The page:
Mike Griffin joins board of Rocket Lab

Space

WASHINGTON — Mike Griffin, the former NASA administrator who stepped down as undersecretary of defense in July, has joined the board of directors of small launch vehicle company Rocket Lab as that company seeks to grow its government business.

The company announced Aug. 12 that it added Griffin to its board, joining company founder Peter Beck and three investors: Sven Strohband of Khosla Ventures, David Cowan of Bessemer Venture Partners and Matt Ocko of DCVC.

“He brings a wealth of knowledge and experience from the civil, defense and commercial space sectors that will be invaluable to our team as Rocket Lab continues to grow and meet the ever-evolving launch and space systems needs of the national security community and commercial sector alike,” Beck said of Griffin in a company statement.

The announcement came a little more than a month after Griffin resigned from his position as undersecretary of defense for research and engineering. Griffin and his deputy, Lisa Porter, said June 23 they were leaving to pursue opportunities in the private sector that they did not disclose at the time. Their last day at the Pentagon was July 10.

The Rocket Lab announcement says that Griffin is currently the co-president and co-founder of LogiQ, Inc., a company “providing high-end management, scientific and technical consulting services.” That is the same description as in Griffin’s LinkedIn profile, with no additional information about the company. Griffin and Porter are listed as the two directors of LogiQ in a June 17 filing with the Virginia State Corporation Commission.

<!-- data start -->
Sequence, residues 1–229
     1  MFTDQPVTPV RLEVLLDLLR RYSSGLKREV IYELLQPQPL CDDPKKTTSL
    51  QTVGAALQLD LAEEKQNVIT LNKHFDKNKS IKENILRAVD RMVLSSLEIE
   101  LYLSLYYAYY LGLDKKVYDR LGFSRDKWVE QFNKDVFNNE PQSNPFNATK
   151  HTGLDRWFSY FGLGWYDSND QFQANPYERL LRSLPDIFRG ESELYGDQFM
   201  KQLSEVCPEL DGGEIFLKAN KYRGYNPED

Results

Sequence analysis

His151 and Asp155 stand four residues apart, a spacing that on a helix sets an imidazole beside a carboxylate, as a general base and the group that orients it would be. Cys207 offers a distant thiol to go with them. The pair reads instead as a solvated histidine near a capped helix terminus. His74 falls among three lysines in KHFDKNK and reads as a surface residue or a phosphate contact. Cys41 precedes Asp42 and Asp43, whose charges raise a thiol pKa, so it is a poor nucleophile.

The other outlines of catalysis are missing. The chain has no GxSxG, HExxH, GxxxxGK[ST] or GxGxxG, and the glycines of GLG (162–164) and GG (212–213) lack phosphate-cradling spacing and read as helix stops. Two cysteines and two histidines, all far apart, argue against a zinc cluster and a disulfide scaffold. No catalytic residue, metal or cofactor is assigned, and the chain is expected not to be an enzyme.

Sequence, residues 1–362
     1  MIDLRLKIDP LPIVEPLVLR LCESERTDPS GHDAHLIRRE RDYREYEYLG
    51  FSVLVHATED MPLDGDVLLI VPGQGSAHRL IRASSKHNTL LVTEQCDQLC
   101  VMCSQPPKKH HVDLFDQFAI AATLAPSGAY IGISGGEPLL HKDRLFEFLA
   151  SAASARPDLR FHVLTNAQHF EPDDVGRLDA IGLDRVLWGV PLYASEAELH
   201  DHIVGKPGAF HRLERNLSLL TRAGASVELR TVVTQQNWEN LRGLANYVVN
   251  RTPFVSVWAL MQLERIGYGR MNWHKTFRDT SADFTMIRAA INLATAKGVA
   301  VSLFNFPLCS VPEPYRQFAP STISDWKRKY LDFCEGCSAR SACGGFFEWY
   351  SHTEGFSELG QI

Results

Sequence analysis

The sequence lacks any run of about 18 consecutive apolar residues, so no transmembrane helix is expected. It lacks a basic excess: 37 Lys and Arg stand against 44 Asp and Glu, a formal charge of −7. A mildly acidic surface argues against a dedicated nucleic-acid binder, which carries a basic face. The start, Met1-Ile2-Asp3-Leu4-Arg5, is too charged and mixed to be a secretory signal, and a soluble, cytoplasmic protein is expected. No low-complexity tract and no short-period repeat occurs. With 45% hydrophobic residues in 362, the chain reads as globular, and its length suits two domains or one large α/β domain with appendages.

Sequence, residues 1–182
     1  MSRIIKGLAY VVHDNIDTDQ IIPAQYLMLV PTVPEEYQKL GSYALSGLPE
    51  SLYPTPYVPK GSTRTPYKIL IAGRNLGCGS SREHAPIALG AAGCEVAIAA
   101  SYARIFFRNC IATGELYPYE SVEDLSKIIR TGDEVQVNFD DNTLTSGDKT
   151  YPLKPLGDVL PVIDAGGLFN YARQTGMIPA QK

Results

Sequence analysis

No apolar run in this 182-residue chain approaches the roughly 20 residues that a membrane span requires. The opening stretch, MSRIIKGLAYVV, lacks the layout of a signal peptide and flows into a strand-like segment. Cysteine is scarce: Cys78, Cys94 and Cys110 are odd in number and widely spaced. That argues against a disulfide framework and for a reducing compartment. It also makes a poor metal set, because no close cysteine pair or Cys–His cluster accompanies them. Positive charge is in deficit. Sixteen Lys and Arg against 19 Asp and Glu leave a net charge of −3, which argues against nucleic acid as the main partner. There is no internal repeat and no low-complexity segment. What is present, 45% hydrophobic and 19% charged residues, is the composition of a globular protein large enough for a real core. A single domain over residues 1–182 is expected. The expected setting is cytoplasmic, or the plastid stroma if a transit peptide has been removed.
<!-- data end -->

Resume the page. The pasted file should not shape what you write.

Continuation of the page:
Griffin has moved between government and industry throughout his career. Before serving as undersecretary of defense, he was best known as being NASA administrator from 2005 to 2009. While leading NASA, he oversaw development of the Constellation program and initiated the Commercial Orbital Transportation Services program for commercial cargo delivery to the International Space Station, a precursor to commercial crew.

In industry, Griffin was an executive at Orbital Sciences Corporation during the 1990s, leading its Space Systems Group, and later was chairman and chief executive of Schafer Corporation, a company that provided engineering and technical services for agencies in the national security sector. He also led In-Q-Tel, the venture capital arm of the intelligence community.

Griffin’s addition to Rocket Lab’s board comes as the company seeks to grow its business with the U.S. government. The company has won launch contracts from the U.S. Space Force, DARPA, NASA and the National Reconnaissance Office, including a contract with the NRO announced June 18 for back-to-back launches of its Electron rocket from New Zealand in 2021.

In a SpaceNews webinar Aug. 3, Beck said that the U.S. government was an “incredibly important” customer for his company, accounting for about half its manifest. “The government has become reliant on Rocket Lab to deliver payloads of national significance, so the reliance is both ways,” he said.

“Space continues to be a highly contested domain crucial to our national security, and it’s also a domain that presents significant commercial opportunity,” Griffin said in the Rocket Lab announcement. “The Rocket Lab team has a proven track record of executing on a clear vision to make space accessible to these diverse communities, and I look forward to supporting that vision.”

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